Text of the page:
For professional and personal growth, it starts with the identification of habits they currently have and giving them ways to adapt and better themselves.
Teaching and learning are both positive experiences. Even when someone is doing something wrong that’s obvious, the way I teach is in a way that doesn’t say they are doing anything wrong. All I need is for them to change perspectives and patterns of thinking to succeed.
5- Where do you think you are making an impact?
I think we are making a large impact obviously with clinical trials and predictive medicine.
There is a lot being done by us in this space, but I think overall not a lot of investment from other major firms. Most of that is due to all the red tape in clinical trials and regulatory requirements. We have to be innovative and regulatory compliant at the same time, and that can be challenging. But, that’s what technology is all about. It’s about changing perspectives, making lives easier and making things safer and cheaper to do.
6- Can you share with us some of your last solutions?
Not in great detail, unfortunately, but right now our biggest projects include a Clinical Trial Genomics application and an Operational Analysis and Site Selection tool.
The Genomics application basically allows you to take your clinical and genomic data (ie. variant data) and do your own custom statistical analyses using the web browser to submit your jobs. It’s highly sophisticated and complicated.
The Operational Analysis tool is based on historical data and can tell you how you stand compared to peers in the same disease area. It also allows you to conduct site selection and find the best sites with the best enrollment for your clinical trial.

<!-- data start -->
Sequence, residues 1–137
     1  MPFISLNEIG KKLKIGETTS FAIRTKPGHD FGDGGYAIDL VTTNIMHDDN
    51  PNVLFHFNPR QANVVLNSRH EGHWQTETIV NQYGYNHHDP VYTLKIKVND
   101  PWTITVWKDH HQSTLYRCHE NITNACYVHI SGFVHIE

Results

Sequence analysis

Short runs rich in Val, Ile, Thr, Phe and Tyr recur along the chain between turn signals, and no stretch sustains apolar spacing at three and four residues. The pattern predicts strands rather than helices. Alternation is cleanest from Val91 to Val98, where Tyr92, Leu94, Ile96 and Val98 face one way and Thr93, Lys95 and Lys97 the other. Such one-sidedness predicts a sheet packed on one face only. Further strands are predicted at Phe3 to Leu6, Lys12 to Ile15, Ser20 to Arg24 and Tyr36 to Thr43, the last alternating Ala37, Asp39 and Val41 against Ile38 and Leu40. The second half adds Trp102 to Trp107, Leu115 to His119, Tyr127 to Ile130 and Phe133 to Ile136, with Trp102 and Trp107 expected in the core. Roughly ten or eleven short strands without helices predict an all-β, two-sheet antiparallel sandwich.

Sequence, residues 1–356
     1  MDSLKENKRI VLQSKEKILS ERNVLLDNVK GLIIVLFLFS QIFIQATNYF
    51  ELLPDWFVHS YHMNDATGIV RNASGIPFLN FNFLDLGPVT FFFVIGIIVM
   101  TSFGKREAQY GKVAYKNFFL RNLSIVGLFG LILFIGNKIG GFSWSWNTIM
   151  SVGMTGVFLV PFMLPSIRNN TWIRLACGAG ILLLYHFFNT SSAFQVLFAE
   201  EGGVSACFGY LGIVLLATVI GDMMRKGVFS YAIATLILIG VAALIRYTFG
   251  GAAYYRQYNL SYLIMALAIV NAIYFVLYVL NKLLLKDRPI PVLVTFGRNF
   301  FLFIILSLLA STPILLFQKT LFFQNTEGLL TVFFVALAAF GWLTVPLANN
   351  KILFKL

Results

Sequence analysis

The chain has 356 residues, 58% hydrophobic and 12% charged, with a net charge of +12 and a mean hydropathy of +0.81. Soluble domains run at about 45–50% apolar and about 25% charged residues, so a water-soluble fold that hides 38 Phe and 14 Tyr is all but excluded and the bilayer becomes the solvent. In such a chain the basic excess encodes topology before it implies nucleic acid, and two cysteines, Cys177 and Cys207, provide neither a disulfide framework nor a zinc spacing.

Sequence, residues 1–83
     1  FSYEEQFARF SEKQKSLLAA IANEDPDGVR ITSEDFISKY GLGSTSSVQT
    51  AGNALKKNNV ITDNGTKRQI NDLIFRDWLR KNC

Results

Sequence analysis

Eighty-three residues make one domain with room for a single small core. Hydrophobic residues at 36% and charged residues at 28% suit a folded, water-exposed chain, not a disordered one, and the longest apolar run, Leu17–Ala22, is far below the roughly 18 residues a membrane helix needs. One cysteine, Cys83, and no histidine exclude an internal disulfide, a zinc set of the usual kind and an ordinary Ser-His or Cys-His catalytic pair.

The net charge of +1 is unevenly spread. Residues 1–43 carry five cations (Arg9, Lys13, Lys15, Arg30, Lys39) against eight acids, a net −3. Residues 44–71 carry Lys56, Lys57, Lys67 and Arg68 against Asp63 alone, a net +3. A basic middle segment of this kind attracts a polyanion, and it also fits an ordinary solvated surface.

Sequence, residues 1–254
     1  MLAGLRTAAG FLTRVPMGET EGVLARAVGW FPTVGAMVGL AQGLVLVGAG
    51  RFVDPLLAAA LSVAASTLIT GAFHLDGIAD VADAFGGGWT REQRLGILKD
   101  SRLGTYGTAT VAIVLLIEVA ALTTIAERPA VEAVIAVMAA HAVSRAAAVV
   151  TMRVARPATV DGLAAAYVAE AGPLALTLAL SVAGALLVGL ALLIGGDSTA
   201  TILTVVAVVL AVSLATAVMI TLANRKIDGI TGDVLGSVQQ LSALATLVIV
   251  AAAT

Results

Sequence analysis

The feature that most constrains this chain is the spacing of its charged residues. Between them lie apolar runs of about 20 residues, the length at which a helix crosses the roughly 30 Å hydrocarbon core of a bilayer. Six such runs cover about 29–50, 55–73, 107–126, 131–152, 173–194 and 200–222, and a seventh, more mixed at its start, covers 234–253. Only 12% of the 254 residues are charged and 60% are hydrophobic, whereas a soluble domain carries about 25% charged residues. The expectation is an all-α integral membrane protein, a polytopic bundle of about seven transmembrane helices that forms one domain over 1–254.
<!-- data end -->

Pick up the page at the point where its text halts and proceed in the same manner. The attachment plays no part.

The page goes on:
7- Where do you see yourself in the next 5 years?
I think we will be in a world where Data Science and analytics will be mainstream and apart from everything we do in clinical trials. Second, to that, I also think that data standards will play a huge role in that. Right now standardization is more of a hindrance because we don’t have a lot in place. Once data standardization takes off, we will be able to gain more insights than we ever would have thought possible. But, in order to do that, we obviously need a lot of testing and verification to ensure that the data is being annotated properly, etc.
8- What can you tell young people who are pursuing their dreams?
I would say try not to study too much, or spend too much time in school. Your first objective should be finding something you feel passionate about, and second to that, getting to a point where you can start on the road to pursuing that. It doesn’t necessarily entail spending 12 years in school or studying very hard. Each person’s path is different.
Just find what you like, and stick with it.
9- What are you most excited about at the moment?
I am excited about virtual reality, to be honest. I did a little bit of research into telemedicine systems in grad school, and I think VR is going to be the next biggest thing. People are going to be able to get access to healthcare even if they are a thousand miles away from the nearest clinic. It is amazing, and from a clinical trial perspective, I can see this technology potentially improving patient engagement.
10- The last word or final thoughts?
Thank you for the interview opportunity and I hope my words and message was understood and clear.